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Billy Crystal, left, as Artie and Bette Midler as Diane debate whether to accept their daughter's invitation to babysit their grandkids in a scene from "Parental Guidance."

Phil Caruso, Associated Press

PARENTAL GUIDANCE

★★ OUT OF FOUR STARS

Rating: PG for some rude humor.

'Parental Guidance': Spoil the child; spare the comedy

  • Article by: ROGER MOORE
  • McClatchy News Service
  • December 24, 2012 - 10:30 AM

The family-friendliest movie comedy this holiday season is also the sappiest and schmaltziest. And, thanks to Billy Crystal, the shtickiest.

"Parental Guidance" is a mild-mannered riff on parenting, then and now. It contrasts the top-down/career-first mentality of one generation with the coddled "nurturing" of today, but never takes a stand on which is better. Basically, it's a vehicle for Billy Crystal, and to a lesser degree Bette Midler, to riff on the spoiled, overindulged and sometimes uptight children their own kid is raising.

Artie (Crystal) is a minor-league baseball announcer who never got to his dream job, covering San Francisco Giants games. He's content to make homespun wisecracks in front of the mike for the Fresno Grizzlies. Until they lay him off for being not hip, not social-media savvy.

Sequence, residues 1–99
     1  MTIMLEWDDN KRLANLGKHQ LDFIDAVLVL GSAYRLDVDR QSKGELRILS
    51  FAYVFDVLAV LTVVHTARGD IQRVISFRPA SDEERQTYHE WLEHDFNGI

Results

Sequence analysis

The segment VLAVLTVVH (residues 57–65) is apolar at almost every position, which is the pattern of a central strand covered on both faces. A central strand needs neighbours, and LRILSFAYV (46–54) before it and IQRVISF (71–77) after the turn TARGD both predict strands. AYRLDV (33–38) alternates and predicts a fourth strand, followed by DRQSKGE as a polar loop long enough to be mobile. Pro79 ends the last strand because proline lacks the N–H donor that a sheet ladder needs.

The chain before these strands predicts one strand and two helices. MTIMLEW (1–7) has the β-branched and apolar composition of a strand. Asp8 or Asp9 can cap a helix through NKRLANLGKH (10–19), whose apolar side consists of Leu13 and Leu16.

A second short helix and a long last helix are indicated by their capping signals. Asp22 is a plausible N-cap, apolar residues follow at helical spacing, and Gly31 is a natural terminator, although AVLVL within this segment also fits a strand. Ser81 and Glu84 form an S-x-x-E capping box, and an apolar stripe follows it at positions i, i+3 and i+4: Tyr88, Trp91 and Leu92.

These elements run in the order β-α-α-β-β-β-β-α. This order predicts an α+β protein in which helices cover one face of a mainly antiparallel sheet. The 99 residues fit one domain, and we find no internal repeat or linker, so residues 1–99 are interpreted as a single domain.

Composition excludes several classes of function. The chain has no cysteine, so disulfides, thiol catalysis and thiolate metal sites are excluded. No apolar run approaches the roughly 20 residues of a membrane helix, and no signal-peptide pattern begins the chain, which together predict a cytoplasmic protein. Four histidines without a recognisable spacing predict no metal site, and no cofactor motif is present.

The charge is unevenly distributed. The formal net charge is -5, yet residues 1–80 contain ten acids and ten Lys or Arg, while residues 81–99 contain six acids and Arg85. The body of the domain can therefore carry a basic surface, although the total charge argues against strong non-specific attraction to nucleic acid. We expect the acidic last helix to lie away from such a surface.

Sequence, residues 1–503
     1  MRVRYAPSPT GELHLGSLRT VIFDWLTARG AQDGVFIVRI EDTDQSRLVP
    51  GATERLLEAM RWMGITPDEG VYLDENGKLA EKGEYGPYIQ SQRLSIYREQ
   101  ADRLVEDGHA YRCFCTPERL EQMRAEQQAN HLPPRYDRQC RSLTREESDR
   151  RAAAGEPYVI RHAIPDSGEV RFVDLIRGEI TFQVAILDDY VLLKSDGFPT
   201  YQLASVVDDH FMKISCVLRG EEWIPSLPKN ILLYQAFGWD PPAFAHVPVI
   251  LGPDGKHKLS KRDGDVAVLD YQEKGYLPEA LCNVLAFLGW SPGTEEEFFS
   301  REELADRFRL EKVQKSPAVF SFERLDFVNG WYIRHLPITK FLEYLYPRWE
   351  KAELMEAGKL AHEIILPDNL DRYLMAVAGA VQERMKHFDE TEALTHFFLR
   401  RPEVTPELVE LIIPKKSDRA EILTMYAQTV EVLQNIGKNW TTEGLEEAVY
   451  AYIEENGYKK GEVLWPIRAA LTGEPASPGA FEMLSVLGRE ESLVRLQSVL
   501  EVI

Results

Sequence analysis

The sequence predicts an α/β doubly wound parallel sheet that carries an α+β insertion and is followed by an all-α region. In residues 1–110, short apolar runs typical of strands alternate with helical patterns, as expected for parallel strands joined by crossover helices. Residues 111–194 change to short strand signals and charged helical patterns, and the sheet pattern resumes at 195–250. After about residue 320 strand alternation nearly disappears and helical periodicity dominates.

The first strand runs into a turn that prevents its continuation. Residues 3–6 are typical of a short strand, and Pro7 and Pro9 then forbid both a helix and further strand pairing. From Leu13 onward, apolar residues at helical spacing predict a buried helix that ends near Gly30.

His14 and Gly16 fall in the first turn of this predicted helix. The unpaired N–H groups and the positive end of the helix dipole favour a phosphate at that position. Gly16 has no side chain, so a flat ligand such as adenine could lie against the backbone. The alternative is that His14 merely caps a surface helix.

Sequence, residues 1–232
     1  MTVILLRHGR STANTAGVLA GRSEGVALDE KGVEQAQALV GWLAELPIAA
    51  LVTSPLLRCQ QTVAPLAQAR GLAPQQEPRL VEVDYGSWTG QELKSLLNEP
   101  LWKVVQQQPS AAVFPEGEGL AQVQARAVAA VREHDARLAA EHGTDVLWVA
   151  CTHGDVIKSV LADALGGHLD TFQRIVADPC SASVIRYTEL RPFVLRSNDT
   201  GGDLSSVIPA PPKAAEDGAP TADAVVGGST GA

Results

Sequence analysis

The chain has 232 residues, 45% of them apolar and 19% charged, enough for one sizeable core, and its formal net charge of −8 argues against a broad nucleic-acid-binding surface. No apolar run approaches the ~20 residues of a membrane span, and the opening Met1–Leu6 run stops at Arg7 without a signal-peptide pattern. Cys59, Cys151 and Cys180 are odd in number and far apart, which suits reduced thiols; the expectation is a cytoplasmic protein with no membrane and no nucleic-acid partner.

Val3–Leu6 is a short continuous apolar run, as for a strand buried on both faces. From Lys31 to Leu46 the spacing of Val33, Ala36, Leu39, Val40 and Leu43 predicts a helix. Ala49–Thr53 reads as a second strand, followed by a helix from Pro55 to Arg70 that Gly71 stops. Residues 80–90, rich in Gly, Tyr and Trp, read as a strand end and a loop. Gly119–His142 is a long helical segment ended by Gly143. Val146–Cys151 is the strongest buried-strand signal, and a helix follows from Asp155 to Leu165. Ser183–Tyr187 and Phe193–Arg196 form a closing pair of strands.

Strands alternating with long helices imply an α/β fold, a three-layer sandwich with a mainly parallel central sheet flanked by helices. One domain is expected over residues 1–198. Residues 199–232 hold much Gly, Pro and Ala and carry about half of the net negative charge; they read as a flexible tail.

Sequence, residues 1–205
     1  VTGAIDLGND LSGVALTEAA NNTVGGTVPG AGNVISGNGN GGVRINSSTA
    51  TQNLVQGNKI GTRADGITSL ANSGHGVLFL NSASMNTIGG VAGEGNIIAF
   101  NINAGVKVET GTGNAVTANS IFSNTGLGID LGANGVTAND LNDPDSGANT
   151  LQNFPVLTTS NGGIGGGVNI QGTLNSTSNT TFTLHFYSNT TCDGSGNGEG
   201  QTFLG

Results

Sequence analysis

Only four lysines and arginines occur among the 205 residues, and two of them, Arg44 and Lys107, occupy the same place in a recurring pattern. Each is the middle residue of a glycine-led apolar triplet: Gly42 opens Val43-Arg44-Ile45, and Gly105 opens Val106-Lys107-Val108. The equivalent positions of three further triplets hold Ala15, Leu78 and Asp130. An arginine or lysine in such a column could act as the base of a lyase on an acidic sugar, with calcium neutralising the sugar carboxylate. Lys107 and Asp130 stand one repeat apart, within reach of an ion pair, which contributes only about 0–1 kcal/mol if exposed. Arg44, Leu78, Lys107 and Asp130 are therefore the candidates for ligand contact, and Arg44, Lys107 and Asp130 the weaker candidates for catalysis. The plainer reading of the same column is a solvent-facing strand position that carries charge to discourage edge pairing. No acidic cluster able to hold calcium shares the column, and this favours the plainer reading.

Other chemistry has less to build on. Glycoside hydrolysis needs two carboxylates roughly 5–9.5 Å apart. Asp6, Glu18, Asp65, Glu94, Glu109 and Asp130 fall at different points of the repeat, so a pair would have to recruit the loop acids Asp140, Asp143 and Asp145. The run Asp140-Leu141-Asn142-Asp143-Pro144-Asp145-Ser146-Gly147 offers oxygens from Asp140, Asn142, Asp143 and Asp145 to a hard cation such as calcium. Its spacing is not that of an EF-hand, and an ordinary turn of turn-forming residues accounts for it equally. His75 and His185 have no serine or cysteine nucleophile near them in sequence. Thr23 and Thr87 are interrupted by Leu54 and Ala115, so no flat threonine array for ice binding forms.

"I'll tweet! I'll make whatever noise you want!"

His retired "weather girl" wife, Diane, interrupts her pole-dance aerobics class to comfort him and listen to his lies about how young he "feels."

"You're 38? Paint the house!"

Daughter Alice (Marisa Tomei) is a Web designer living in Atlanta with husband Phil (Tom Everett Scott) in the totally computerized house Phil designed.

Their kids -- ages 12, 8 and 5 -- have play dates, ball games and rehearsals. Violinist daughter Harper (Bailee Madison) would discover boys if she weren't stressing over a big audition that sets up her Berlin Philharmonic life plan. Turner (Joshua Rush) is a bullied stammerer whose Little League doesn't keep score, denying him the chance to excel at anything. And Barker (Kyle Harrison Breitkopf) is a mop-topped terror with an imaginary kangaroo friend.

Into this world come Artie and Diane, who never see the kids because he's always focused on his job. Phil and Alice have a get-away planned -- if only Alice can let go. Whatever Artie and Diane did as parents isn't good enough for her kids. Tofu mom Alice never lets them hear the word "No."

Crystal delivers tepidly caustic rants, Midler invokes the occasional inappropriate life lesson and Tomei struggles to find anything fun about playing a smothering mother. The laughs are, to use the old-fashioned term, telegraphed, with director Andy Fickman ("The Game Plan") clearing the decks to make every laugh line a stale showcase moment for his stars. A quicker, more cluttered movie would have been funnier.

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